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Author Topic: zip in qbasic  (Read 5502 times)
Karelius
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« on: August 31, 2006, 11:28:46 AM »

is it possible to compress files in zip with qbasic?
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Torahteen
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« Reply #1 on: August 31, 2006, 04:46:49 PM »

Well... yes. You need to read up on the format and algorithm used in a zip file however. Good luck Wink
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Skyler
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« Reply #2 on: September 05, 2006, 11:22:39 AM »

But you don't necessarily have to use the zip format. You could use other compression algos, or even develop your own.
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Zap
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« Reply #3 on: September 05, 2006, 11:36:34 AM »

Neo did a library full of compression routines, look into that.
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Moneo
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« Reply #4 on: September 27, 2006, 11:28:05 PM »

Why reinvent the wheel?
The best compression around is in PKZIP. Even WinZip uses the same algorithm.

Need to compress one or more files, just do a SHELL to PKZIP from your program, or PKUNZIP to decompress them.

Besides, it's not only the compression. There's also the CRC generated on each file, the decompresssion, and many other considerations.

Unless maybe you're just playing around.........

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na_th_an
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« Reply #5 on: September 28, 2006, 05:35:59 AM »

A compression/decompression set of routines is very useful so you can compress/decompress from your program without having to call anything external. Makes your application more robust Smiley

You can use ZZLib in freeBASIC, which compress quite well and is pretty straightforward to use (basicly you read uncompressed data from a "virtual file" - the library opens the compressed file, decompresses the data on the fly, and provides you with that uncompressed data).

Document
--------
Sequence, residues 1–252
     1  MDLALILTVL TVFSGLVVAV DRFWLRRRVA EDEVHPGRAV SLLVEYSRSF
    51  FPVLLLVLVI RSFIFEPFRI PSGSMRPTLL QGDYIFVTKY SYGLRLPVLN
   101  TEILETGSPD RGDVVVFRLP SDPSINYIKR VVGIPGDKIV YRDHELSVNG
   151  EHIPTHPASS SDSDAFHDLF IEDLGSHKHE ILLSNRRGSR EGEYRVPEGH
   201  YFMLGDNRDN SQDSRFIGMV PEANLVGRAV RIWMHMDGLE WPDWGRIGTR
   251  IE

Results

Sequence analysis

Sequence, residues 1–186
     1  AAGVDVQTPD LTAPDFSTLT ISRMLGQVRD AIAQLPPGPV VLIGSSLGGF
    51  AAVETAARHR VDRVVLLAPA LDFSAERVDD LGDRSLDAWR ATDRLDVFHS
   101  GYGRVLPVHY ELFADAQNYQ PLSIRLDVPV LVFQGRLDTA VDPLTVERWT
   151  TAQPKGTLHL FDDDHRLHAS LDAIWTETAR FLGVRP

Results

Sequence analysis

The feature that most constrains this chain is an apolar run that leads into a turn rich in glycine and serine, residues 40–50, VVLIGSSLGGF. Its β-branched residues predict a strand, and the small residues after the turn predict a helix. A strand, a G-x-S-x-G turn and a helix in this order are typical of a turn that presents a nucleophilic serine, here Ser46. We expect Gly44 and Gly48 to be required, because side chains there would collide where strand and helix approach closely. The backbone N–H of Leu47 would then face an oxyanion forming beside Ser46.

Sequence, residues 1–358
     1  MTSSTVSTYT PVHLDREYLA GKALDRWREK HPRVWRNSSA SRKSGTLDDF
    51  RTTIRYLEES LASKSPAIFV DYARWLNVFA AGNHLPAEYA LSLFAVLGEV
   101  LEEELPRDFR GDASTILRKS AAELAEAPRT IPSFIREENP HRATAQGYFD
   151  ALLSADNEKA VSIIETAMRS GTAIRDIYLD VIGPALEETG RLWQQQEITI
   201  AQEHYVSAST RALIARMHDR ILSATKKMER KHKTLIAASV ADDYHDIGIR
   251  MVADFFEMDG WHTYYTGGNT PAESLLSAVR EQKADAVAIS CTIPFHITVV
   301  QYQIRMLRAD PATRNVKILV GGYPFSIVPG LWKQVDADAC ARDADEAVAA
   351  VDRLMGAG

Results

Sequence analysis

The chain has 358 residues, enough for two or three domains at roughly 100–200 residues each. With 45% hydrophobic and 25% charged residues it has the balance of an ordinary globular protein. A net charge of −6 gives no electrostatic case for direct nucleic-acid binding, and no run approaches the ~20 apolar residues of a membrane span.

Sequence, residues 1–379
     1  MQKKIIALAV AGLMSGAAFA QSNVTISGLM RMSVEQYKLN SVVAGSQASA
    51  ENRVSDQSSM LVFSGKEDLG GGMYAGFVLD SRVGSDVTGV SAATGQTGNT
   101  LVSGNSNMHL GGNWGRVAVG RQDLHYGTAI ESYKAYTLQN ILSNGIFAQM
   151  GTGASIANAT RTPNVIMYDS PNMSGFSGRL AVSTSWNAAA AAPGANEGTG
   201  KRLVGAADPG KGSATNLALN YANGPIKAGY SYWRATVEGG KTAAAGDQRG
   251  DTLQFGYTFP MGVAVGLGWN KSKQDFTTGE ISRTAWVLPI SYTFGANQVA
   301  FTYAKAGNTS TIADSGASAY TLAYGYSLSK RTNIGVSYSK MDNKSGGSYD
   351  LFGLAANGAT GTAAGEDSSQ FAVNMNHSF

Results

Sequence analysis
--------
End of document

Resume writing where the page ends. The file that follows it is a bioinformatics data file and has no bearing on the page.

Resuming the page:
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Moneo
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« Reply #6 on: September 30, 2006, 09:34:13 PM »

Quote from: "na_th_an"
A compression/decompression set of routines is very useful so you can compress/decompress from your program without having to call anything external. Makes your application more robust Smiley

You can use ZZLib in freeBASIC, which compress quite well and is pretty straightforward to use (basicly you read uncompressed data from a "virtual file" - the library opens the compressed file, decompresses the data on the fly, and provides you with that uncompressed data).

I get your point, amigo, but I disagree in general. I've developed some pretty robust applications that handled millions of dollars, and I've used external software, such as, Btrieve, Opt-Tech Sort, Pkzip/Pkunzip, the LIST utility, and several Norton Utilities. I think using industry-standard, documented software in your application enhances it and therefore makes it more reliable.

Maybe in a few years the ZZlib of Freebasic will become an industry standard, but it's not there yet.

Saludos..... Moneo
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Anonymous
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« Reply #7 on: October 01, 2006, 02:43:21 AM »

ZZLIB? perhaps you're thinking of zLib? and by all means, thats about as much as a standard as you're going to get. ever heard of php? it has zLib routines built in? doesn't it =p not to mention linux is HIGHLY dependent on it, as are Many other system.
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Moneo